When you’ve finished your story,

go back and rewrite the beginning.

Up until then, I’d always written in a linear fashion. I’d start with (what I hoped was) a killer opening, then work my way through the middle to the (again hoped for) thrilling and/or satisfying conclusion at the end, after which I’d get down to the editing. The idea of wantonly discarding the first few pages of a story, or worse, the first chapter or two of a novel, seemed counter-productive. Why write a beginning at all if you’re just going to throw it out later?

But the more I thought about it, the more it made sense. Despite our best intentions, stories quite often head off in a different direction from the one we originally intended. Even if, like me, you use outlines, planned ideas and sub-plots get changed, added and/or abandoned as we get to know the characters and plot better during the first draft process. Besides, who hasn’t had a critique containing a big red line several pages in, along with the words ‘I think your story starts here’? Personally, I’ve found rewriting the opening almost always leads to a better fit with the rest of the story.

There’s another positive effect from knowing you’ll rewrite the beginning from the outset, at least for writers like me. I understand the benefits to be had from getting the first draft over with as fast as possible. I want to work that way, but I fight a constant battle with my inner editor during the first draft process. When you know from the outset that whatever beginning you write will (almost definitely) get thrown out anyway, it’s easier to resist the temptation to go back and polish up what you’ve already got.

How about you?

Where do you end your first drafts?

Born in England, Jon Gibbs now lives in New Jersey, where he’s ‘Author in Residence’ at Lakehurst Elementary School. A member of several writing groups, including SCBWI, he’s the founder of NJAuthorsNetwork.com and FindAWritingGroup.com. His blog, An Englishman in New Jersey (http://jongibbs.livejournal.com), is read in over thirty countries.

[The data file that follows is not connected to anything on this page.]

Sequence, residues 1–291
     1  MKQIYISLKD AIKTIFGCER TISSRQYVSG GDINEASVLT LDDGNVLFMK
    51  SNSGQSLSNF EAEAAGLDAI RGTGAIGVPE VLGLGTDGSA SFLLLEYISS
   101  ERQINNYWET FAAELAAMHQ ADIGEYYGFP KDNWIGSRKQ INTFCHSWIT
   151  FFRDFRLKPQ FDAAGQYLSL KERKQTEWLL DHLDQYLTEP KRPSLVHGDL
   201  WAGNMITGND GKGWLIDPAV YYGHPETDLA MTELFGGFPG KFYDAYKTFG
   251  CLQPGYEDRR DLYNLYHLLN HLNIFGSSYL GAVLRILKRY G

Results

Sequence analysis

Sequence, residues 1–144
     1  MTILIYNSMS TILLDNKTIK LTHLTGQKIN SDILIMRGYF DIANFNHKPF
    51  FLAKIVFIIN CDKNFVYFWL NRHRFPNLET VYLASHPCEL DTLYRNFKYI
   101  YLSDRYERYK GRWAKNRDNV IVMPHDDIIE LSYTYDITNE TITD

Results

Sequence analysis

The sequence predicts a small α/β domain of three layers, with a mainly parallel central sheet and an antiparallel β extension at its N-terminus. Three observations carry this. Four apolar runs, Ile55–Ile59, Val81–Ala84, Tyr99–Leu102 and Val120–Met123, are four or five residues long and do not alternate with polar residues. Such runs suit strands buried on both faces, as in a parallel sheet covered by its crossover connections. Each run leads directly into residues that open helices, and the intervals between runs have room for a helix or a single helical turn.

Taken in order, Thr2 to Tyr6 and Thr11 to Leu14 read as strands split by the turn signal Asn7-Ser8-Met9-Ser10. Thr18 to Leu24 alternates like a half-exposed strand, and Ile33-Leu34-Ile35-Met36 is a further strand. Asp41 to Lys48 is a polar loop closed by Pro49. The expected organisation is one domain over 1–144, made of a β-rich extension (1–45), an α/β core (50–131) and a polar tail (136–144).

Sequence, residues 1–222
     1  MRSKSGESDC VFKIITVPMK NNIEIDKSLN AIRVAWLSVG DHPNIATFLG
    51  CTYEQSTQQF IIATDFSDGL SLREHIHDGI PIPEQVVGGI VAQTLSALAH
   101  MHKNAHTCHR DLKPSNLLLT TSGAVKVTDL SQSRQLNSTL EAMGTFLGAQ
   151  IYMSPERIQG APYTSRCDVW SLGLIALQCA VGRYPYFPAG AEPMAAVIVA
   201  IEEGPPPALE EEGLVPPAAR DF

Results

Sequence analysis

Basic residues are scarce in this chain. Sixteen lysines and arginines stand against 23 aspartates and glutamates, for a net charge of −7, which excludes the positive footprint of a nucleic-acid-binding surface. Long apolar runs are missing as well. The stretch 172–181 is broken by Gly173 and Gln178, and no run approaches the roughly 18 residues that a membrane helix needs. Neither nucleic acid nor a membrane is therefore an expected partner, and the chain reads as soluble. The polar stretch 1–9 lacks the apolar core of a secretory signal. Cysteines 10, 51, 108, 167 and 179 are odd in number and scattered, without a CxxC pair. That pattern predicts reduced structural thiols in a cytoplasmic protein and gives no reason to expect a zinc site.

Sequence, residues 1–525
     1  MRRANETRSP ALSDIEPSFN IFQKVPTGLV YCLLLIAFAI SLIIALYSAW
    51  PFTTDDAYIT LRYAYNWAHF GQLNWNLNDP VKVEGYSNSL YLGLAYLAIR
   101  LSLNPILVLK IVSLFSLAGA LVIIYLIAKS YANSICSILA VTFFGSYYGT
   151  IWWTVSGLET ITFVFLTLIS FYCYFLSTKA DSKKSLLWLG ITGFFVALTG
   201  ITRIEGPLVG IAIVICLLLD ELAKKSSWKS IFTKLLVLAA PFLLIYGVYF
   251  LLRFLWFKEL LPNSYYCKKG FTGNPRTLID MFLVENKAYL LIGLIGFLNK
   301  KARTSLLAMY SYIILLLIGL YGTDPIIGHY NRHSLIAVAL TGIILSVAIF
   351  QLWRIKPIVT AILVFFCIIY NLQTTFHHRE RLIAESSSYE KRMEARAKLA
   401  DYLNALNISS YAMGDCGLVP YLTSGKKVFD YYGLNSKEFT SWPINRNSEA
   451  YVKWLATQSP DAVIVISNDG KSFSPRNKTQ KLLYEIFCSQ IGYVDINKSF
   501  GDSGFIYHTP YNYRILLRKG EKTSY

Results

Jon’s debut novel, Fur-Face (Echelon Press) a middle grade fantasy about unusual friendships, unlikely alliances, and wanting to fit in, was nominated for a Crystal Kite Award. Watch out for the sequel, Barnum’s Revenge, coming in 2012.

 When he’s not chasing around after his children, Jon can usually be found hunched over the computer in his basement office. One day he hopes to figure out how to switch it on.

Reining in the The Monomaniacal Middle Grade Reviewer – A Review of Fur Face by Jon Gibbs

I found out why The Monomaniacal Middle Grade Reviewer stopped doing reviews.  He read “Fur Face” by Jon Gibbs, and really enjoyed it.  However, he knew I wanted him to review it, but he was embarrassed to do one because he met the author at a recent book signing.

“Well, did you like the story?” I asked.

“Yeah.”

“Then what are you worried about?”

I got the lip… If you’re a parent, you know what that means.

He was just self-conscious about it because he was afraid of what he would look like in front of an author that he feels like he knows, even though his review would be positive.

Note to self:  Introduce the MMGR to authors AFTER he has given the review.

Anyway… The MMGR’s review of Fur Face was:

(I’m paraphrasing from several conversations over the last several weeks)

It was really good.  It was about this cat that can talk, who has to find a kid that can understand him to help him do what he has to do.

(Trying not to drop a spoiler there)

He mentioned an intricate plot that would be hard to describe.  There was lots of funny stuff and action, and a big mystery about animals that had to be saved.  (Right up his alley)

I didn’t get a star rating on Fur Face, but book two is on his list of “I gotta have it” books.

Now that we’re over that hurdle… The Monomaniacal Middle Grade Reviewer should be returning to the blogosphere very shortly.  Yay!